These two co-founders participated in a very practical discussion for the benefit of many GROWCO attendees. Countless businesses are being built through the use of other platforms, such as YouTube, Instagram, Facebook, etc. I personally thought of several businesses I know who have created value solely through existing online channels. However, Michaels and Cherisch argued that business owners shouldn’t rely solely on those resources, which caught me somewhat off-guard. Michaels explained it’s good to use those sites to build a following and an audience, as long as it points back to a platform you can control (ideally your website). In essence, you are a “hostage” to these other platforms if you only host your content there. She went on to say that “authenticity and results are what matter”; a platform that you control is as authentic as it gets, and Michaels believes that is what’s important as you’re growing.

Rebecca and Uri Minkoff, Co-founders of Rebecca Minkoff LLC

These siblings have built a successful fashion brand together and took the stage to discuss the strategies they’ve implemented to improve sales through the use of technology. For example, they’ve taken the best aspects of e-commerce and combined it with retail stores to create a one-of-a-kind experience when you shop. Certain stores will allow shoppers to request different clothing sizes from the dressing room, adjust lighting to simulate how things look in different environments and even pay.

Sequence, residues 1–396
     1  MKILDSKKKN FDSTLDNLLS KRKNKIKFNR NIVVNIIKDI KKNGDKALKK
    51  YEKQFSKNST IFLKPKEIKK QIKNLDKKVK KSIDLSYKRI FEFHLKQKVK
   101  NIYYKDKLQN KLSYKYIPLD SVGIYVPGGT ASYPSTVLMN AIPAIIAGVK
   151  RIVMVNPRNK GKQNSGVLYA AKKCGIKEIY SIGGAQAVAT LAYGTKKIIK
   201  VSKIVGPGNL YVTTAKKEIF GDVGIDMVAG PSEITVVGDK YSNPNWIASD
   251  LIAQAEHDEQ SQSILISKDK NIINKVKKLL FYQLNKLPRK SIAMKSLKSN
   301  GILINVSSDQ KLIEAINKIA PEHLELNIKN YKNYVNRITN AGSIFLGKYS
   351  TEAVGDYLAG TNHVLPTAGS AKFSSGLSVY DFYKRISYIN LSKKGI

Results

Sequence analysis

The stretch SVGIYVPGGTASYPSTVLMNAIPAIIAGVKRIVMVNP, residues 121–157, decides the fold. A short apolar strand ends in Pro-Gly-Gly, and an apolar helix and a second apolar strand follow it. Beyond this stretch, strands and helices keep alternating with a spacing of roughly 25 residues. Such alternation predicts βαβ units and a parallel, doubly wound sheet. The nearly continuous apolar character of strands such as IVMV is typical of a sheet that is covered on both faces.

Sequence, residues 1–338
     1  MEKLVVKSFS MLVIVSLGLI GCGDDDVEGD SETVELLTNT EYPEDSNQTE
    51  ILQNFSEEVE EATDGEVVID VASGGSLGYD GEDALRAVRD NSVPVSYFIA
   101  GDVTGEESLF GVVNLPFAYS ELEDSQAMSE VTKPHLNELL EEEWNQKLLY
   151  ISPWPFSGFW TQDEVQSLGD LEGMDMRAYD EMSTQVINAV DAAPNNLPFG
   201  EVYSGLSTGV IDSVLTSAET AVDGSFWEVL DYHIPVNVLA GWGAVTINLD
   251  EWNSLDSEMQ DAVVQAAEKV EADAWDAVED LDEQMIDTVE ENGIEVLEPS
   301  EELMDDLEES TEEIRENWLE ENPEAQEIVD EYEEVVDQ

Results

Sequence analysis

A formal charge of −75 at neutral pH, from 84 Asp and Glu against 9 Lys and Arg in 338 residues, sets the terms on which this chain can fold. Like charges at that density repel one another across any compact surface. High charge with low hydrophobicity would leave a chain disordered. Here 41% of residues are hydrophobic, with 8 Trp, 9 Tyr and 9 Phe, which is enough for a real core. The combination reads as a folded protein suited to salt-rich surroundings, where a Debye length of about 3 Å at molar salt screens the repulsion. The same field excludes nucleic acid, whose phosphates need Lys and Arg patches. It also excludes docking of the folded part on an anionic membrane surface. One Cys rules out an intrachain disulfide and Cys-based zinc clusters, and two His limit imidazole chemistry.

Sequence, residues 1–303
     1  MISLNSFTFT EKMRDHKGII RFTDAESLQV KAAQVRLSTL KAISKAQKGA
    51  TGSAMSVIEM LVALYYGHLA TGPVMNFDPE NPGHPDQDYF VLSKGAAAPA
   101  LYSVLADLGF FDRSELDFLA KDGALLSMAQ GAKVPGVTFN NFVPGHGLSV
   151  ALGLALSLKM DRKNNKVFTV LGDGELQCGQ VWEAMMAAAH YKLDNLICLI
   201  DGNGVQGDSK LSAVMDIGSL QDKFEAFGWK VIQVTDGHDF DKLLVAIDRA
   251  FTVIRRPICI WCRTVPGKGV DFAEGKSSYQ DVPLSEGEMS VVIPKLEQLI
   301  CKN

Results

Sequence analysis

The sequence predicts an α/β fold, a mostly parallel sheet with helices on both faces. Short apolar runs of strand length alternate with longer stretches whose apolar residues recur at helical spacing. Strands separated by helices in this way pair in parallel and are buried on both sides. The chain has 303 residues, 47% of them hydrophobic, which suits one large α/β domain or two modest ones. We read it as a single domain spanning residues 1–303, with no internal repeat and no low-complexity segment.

After demonstrating this experience via video, Rebecca said, “When you do something different, it works.” This was yet another example of an entrepreneur taking an authentic approach to their business and seeing a return. It wasn’t just the technology either. Rebecca and Uri each elaborated on their engagement with customers and how valuable it is to create an open dialogue with them. Being the first of their kind to do so in fashion, this paints them as a genuine brand that customers can truly connect with.

Rainn Wilson and Shabnam Mogharabi

When the co-founders of SoulPancake began their interview with one of Inc.’s Executive Editors in a session appropriately named “Why It’s Important to Make Stuff that Matters,” the two highlighted how storytelling has impacted their media and production company. As Wilson noted, “You don’t need to have a social mission in order to have a good story to tell.”

This was particularly interesting to me as he then expanded on the idea by saying, “If you tap into the authentic way of telling the story, people will respond.” SoulPancake has been able to do this since its inception, and they’ve been able to capture a devoted audience and remain true to them. They do so by working as closely as they can with their clients on what they want produced and how they want the story to be told.

Overall, it’s clear that Inc. events such as GROWCO, or the iConic series, provide immense value to entrepreneurs in attendance. The keynotes were engaging and inspiring, while the breakouts I attended offered applicable tips and best practices on a variety of areas. It’s amazing how much the program was able to cover in just three short days.